The Fundamentals of Working Capital Management

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The Fundamentals of Working Capital Management Working Capital refers to the company’s current or short-lived assets. This includes cash, marketable securities, notes receivable, account receivable, inventories and other current assets. Non-current assets are referred to as capital assets. These are long-term assets and are mostly depreciable in nature. In evaluating an investment in capital assets, the future cash flows, the risk of those cash flows as well as the opportunity cost of the funds invested must be taken into consideration.

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Working capital provides the resources to put up a capital asset in operation while the capital asset in turn is expected to generate future cash flows to become future working capital. Factors that affect the level of investments in working capital • Type of business/product • Length of the operating cycle • Degree of uncertainty of the business • Practices and traditions Aggressive vs. Conservative Working Capital Management Aggressive |Conservative | |Preference for minimum level of working capital |Maintains maximum level of working capital | |Advantages |Disadvantages |Advantages |Disadvantages | |Saves on carrying costs |Losses due to stock outs |Avoids risk of losses due to |High carrying costs | | | |stock outs | | |Maintains active relationship |Bad credit reputation |Good credit reputation |Lost opportunities when funds | |with bankers | | |are tied up in non-earning | | | | |working capital assets | Measuring Working Capital Effectiveness Liquidity: the ability of a firm to turn around resources to fund current requirements, invest excess capital and avoid costly borrowings. Ratios associated with measuring liquidity: Current Ratio = Current Assets / Current Liabilities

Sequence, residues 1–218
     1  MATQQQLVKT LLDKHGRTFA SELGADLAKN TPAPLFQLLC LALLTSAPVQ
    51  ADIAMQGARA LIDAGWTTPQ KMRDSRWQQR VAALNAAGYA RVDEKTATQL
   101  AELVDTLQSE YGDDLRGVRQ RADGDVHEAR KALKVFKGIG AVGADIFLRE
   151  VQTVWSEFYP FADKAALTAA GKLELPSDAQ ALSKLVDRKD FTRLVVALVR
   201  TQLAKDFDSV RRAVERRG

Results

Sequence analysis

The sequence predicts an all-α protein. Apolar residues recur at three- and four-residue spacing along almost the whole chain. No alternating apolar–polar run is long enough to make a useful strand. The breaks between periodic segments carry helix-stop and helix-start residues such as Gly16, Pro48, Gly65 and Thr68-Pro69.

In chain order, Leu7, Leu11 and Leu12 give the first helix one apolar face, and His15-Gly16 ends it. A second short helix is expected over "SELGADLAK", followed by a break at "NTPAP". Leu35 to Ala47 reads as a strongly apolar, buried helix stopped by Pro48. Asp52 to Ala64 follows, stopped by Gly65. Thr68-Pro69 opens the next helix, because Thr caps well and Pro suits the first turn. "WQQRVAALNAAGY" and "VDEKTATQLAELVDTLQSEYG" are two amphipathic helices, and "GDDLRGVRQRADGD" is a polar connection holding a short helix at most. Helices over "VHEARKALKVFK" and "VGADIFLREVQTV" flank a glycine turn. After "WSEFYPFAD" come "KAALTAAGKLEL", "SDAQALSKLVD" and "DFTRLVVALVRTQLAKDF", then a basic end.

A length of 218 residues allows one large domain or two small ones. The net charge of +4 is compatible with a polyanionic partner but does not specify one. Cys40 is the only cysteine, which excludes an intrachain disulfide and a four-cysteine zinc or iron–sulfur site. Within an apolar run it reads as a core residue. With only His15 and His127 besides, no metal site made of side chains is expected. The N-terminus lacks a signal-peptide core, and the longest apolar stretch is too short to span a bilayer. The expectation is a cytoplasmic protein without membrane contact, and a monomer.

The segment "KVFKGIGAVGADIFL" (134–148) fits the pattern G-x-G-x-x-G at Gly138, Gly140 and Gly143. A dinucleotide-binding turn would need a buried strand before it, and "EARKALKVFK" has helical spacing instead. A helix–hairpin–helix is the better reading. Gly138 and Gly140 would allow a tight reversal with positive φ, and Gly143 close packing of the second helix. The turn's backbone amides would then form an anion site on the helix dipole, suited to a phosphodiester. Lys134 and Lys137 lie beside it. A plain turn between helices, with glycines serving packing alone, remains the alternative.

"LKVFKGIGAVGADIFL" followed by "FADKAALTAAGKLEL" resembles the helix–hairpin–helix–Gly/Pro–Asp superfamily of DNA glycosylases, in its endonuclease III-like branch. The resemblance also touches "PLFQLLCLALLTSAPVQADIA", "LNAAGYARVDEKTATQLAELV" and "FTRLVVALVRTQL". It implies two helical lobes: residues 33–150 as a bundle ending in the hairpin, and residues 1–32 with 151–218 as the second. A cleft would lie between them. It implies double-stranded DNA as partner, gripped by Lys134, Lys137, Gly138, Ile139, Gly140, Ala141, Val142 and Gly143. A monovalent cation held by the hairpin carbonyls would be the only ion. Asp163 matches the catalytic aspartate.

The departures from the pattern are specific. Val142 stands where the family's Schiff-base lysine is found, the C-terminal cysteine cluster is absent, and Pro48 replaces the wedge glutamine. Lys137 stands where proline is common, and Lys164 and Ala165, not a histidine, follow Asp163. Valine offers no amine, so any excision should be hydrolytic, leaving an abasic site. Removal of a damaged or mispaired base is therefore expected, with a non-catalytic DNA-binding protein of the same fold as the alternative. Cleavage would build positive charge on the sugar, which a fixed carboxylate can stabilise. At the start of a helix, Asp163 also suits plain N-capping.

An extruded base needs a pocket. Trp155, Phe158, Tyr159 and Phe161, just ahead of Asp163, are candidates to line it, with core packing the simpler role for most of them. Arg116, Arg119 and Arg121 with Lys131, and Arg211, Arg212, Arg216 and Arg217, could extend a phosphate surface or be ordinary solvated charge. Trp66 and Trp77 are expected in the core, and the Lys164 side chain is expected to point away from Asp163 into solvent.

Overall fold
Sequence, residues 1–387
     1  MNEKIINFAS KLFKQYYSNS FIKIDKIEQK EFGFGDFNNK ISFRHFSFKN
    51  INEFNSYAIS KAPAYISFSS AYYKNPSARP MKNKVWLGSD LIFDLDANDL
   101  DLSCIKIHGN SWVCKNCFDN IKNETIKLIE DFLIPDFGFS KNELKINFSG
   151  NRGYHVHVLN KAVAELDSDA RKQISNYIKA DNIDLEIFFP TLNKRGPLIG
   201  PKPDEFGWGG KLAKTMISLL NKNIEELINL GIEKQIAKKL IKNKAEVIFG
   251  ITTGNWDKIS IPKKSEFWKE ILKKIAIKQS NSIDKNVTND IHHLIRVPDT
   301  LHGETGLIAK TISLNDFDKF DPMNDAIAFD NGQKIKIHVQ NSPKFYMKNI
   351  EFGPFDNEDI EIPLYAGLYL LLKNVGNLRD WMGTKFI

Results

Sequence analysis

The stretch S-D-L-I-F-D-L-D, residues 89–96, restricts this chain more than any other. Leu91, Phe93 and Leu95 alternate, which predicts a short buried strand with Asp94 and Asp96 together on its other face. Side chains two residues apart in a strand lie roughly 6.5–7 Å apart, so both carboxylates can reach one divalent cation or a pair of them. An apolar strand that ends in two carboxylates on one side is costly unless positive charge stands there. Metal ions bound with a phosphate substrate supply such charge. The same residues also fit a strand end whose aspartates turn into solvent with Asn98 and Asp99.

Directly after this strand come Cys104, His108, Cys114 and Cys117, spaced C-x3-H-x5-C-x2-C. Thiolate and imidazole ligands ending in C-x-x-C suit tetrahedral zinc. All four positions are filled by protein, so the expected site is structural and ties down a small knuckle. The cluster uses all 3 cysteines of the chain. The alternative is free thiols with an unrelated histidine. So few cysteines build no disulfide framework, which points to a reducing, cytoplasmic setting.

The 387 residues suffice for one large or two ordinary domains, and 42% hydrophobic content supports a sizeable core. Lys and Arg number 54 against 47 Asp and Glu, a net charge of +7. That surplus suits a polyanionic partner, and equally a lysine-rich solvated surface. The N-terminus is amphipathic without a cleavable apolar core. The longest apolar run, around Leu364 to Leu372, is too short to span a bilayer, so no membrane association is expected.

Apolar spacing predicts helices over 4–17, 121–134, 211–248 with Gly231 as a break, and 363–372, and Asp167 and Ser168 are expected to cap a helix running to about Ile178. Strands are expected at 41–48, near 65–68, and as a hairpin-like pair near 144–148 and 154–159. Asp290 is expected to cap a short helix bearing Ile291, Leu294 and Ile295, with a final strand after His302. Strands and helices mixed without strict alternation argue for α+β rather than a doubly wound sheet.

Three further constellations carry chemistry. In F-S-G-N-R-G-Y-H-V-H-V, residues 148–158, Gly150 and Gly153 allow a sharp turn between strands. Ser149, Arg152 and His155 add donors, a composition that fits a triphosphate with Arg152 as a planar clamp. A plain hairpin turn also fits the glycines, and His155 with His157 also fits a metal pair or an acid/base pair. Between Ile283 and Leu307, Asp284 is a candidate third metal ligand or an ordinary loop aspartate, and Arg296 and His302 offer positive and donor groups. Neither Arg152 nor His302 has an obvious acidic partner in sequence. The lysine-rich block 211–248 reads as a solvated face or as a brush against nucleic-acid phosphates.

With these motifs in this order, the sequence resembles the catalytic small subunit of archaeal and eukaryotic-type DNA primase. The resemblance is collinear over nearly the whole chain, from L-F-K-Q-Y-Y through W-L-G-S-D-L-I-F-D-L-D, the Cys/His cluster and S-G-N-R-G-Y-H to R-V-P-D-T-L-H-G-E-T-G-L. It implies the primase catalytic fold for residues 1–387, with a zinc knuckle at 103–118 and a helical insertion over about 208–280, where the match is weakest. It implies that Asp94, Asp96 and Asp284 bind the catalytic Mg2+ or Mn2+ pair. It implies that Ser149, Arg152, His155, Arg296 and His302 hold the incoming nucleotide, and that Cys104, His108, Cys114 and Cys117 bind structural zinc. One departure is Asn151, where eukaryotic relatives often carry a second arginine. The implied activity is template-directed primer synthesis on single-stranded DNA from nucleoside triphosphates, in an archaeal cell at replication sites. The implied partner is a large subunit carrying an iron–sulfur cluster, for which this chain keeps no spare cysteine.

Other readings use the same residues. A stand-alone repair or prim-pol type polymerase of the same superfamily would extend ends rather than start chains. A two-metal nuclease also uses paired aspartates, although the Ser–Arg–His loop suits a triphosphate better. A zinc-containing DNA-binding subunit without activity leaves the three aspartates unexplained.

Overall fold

Accounts Receivable Turnover = Sales / Accounts Receivable (A/R) Days’ Sales Outstanding = 365 days / A/R Turnover Inventory Turnover = Cost of Goods Sold / Inventories Average Stocking Period = 365 days / Inventory Turnover Quick Ratio = (Current Assets–Inventories) / Current Liabilities Cash Operating Cycle: the sum of the average inventory stocking period and the days’ sales outstanding. The shorter this cycle is, the better is the liquidity. Stretching of Suppliers’ Payable is one way to maximize the use of funds. It is an advantage particularly when the firm has a strong bargaining power with its suppliers. Accounts Payable Turnover = Cost of Goods Sold/Accounts Payable Average Payment Period = 365 days / Accounts Payable Turnover

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The Fundamentals of Working Capital Management. (2017, Sep 12). Retrieved December 2, 2022 , from
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